With news that personal spending has achieved its largest monthly gain in 19 months, many on Wall Street apparently say that actual spending reflected in the Commerce Department’s July report carries more weight than recent low readings for consumer confidence. Stocks surged by more than 2% Monday partly on news of the welcome increase in consumption by 0.8%; spending had declined by 0.1% the previous month.
In contrast, data released just Friday showed consumer confidence fell to its lowest level since November 2008. That finding, based on the Thomson Reuters/University of Michigan consumer sentiment index, matched a similar “consumer comfort index” published by Bloomberg that only recently approached striking distance of the 26-year-old index’s all-time low in January 2009.
So, what matters more: consumers’ actual spending or an intangible general mood based on survey data?
Prominent academic economists are among those who view confidence as the key driver of the economy. Yale professor Robert Shiller, speaking at a conference earlier this year, was emphatic in stating that “confidence drives the economy.” He expanded on that view in Monday’s New Republic, interpreting John Maynard Keynes’ view that a general mood of confidence was of greater weight than objective facts or information. “If we think confidence is returning, then confidence will return,” Shiller writes. He advocates boosting taxes and government spending, but in tandem, so that the national debt would not increase.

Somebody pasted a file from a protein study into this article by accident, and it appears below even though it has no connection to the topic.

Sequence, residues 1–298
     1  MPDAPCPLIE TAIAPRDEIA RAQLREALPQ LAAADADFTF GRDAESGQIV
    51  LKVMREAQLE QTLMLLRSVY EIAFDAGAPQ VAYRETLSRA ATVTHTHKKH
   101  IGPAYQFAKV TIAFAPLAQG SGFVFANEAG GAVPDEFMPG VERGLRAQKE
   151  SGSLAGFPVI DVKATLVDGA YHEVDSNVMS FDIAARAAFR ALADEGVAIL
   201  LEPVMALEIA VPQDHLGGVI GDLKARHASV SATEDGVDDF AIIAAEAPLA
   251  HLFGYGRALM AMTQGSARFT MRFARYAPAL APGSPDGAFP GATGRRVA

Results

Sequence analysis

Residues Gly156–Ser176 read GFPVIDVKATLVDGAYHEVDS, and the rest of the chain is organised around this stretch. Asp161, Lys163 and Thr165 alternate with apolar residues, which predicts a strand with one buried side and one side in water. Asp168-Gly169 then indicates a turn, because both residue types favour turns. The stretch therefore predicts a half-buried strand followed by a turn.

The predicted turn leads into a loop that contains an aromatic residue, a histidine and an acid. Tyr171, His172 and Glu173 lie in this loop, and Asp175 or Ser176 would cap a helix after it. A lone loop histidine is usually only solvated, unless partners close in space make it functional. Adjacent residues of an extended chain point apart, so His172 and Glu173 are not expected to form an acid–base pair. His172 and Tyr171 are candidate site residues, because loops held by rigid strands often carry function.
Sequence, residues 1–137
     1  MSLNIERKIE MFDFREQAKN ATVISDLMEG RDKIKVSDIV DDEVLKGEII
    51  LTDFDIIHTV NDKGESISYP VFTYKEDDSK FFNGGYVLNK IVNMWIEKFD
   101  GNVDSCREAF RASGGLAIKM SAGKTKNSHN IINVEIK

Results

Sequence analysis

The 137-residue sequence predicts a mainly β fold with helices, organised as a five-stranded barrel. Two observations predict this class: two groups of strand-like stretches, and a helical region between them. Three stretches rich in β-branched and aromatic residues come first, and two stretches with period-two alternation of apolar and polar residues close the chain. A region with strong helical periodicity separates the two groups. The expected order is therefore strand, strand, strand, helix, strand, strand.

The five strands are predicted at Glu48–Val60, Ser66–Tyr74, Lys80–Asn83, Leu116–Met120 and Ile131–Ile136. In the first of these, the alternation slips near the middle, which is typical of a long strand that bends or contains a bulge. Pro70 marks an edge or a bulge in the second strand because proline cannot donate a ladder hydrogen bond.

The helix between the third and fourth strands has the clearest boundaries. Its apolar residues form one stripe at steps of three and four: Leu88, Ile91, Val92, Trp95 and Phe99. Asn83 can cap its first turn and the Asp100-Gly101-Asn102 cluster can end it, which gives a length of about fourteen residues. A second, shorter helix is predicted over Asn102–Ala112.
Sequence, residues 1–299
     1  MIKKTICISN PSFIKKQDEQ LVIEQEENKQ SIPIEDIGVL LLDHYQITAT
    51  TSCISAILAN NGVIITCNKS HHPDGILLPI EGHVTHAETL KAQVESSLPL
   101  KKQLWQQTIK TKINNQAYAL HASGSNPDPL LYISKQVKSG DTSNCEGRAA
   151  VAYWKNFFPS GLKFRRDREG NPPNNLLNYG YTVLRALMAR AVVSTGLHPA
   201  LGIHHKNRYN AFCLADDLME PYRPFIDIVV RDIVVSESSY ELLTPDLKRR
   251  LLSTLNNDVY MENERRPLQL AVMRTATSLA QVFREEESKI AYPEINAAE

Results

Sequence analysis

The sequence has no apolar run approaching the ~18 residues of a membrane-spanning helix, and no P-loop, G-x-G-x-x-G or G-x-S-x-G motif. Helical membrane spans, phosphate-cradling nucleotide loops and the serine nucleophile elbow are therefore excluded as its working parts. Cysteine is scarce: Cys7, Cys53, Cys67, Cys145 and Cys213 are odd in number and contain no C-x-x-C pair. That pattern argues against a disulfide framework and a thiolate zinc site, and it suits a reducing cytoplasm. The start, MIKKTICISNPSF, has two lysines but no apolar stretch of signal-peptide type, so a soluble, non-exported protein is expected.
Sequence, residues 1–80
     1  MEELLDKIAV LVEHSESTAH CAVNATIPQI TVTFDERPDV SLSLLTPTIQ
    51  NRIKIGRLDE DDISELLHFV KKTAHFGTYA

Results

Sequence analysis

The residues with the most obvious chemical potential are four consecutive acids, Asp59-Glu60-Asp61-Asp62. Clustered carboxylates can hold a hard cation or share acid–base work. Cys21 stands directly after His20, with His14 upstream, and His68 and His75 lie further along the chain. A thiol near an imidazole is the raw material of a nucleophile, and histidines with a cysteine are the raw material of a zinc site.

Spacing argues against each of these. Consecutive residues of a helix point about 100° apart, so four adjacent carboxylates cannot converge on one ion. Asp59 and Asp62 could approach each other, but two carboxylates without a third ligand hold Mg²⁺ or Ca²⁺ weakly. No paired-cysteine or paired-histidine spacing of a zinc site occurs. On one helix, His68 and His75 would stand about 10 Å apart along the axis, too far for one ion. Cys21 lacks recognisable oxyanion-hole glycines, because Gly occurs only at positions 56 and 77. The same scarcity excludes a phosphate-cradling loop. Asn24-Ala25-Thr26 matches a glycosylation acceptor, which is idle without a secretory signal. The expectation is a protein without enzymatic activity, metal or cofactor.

Meanwhile, historian and Harvard Business School professor Niall Ferguson, a noted critic of Keynes, has also stressed the primacy of confidence, writing that today’s policy choice is not between stimulus and austerity but “between policies that boost private-sector confidence and those that kill it.”
While Wall Street is betting on spending data now, the wild swings between jubilation and apocalypse in recent weeks may themselves be intensifying today’s economic anxiety.
Monday’s Wall Street Journal reports the Michigan Consumer Sentiment Index shows variance between families earning more than $75,000 and less than that amount. Confidence among higher-earning families–those most likely to invest in stocks–fell notably harder than lower-earning families.
Given the revised GDP figures released Friday, and the lower growth prospects they may portend, it is not hard to envision lower corporate profit reports in the weeks ahead and renewed downward plunges.